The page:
Chemistry of Glass "Part 9": The two-step vitrification method.

Water evaporation, calcination, and vitrification are the primary processes used to transform a solution into glass. Between 100°C and 400°C are the temperature ranges used for the calcination stage. With the exception of the alkaline elements and some alkaline earths, it turns the majority of the elements into oxides by breaking down nitrates.

By reacting the previously acquired calcine with raw materials that primarily supply the constituents composing the vitreous network, such as silica, vitrification is carried out. According to the chemical structure of the desired glass, such processes will need temperatures around 1050°C and 1300°C. A pre-formed glass material known as glass frit often makes up the basic components.

Microscopic cross sectional SEM images of glass frit bonded silicon wafers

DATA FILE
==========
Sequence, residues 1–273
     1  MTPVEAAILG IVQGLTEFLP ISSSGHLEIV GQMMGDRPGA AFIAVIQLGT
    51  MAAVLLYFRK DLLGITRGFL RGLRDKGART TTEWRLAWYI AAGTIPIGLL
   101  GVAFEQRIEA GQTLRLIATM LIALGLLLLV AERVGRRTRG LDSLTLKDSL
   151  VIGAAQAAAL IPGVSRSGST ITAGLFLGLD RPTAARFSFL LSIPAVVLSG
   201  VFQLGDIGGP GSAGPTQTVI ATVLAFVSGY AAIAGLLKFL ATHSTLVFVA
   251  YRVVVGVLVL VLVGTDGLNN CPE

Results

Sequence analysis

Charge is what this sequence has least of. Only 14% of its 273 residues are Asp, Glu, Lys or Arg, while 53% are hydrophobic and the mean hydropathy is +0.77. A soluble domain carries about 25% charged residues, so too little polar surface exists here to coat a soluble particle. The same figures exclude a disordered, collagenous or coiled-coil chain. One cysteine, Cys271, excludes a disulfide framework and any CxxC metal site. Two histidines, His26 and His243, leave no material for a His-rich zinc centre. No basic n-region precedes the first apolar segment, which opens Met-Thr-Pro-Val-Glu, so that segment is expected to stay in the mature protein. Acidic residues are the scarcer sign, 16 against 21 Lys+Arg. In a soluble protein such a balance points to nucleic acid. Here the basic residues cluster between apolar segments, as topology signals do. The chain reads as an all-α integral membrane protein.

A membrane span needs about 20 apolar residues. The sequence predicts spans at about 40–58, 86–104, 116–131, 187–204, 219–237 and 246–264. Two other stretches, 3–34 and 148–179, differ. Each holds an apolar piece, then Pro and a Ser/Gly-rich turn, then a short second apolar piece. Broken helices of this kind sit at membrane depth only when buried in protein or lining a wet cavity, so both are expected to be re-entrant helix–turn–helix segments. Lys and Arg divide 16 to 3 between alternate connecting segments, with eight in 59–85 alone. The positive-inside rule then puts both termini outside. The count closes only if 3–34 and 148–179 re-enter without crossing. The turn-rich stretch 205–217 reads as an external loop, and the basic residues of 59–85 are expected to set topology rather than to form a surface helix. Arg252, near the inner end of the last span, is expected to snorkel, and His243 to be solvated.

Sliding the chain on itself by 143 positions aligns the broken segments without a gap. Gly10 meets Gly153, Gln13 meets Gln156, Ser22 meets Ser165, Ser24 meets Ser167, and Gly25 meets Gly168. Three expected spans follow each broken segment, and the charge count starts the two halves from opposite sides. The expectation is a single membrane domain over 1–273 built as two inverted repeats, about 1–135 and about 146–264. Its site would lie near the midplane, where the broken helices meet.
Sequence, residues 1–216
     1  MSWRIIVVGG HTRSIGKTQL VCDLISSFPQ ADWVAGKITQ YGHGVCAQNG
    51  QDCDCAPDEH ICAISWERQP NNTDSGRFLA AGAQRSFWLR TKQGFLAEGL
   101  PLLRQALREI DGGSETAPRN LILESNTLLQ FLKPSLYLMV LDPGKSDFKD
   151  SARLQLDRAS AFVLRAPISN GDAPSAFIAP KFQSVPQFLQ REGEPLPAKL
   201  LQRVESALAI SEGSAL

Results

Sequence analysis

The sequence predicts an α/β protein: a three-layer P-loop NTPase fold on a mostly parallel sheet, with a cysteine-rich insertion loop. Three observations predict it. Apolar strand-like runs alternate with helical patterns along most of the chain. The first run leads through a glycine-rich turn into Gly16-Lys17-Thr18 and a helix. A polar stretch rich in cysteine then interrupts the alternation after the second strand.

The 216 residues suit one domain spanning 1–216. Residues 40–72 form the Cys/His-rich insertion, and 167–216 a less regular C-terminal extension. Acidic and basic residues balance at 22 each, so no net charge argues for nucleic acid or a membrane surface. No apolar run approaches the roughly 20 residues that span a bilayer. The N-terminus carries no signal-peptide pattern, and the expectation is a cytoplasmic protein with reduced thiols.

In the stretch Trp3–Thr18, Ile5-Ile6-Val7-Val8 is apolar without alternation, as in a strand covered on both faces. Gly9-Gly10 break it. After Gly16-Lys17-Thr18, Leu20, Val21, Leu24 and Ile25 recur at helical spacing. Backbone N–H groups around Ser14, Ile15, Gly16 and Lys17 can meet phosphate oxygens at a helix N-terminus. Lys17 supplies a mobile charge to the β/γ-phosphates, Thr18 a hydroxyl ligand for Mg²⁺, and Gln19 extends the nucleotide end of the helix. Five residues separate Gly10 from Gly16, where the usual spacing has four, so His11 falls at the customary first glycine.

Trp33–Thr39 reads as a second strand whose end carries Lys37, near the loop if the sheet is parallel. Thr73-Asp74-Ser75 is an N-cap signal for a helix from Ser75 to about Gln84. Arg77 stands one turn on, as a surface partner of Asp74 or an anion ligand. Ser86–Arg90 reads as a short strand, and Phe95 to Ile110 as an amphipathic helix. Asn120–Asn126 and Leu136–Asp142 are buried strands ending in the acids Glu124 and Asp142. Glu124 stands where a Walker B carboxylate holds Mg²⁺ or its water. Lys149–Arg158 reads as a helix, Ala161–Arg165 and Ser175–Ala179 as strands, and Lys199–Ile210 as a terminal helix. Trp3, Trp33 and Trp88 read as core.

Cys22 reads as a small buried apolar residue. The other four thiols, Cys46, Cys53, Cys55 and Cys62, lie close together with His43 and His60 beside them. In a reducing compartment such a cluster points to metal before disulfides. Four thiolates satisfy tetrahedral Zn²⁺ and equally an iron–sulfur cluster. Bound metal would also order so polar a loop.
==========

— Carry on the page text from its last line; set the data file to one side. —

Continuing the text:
Two phases are continually carried out in two distinct instruments: evaporation-calcination of fission product solutions and then vitrification of the calcinate created. This continuous technique was developed by the CEA to reach a performance that is suitable with the demands of the fuel plant procedures. The procedures of evaporation and partial transformation of the nitrates present in the solutions into oxides are made possible by the calcination unit. A revolving tube heated by a resistive furnace makes up this device. The revolving tube's calcinate and glass frit are fed into the vitrification furnace.


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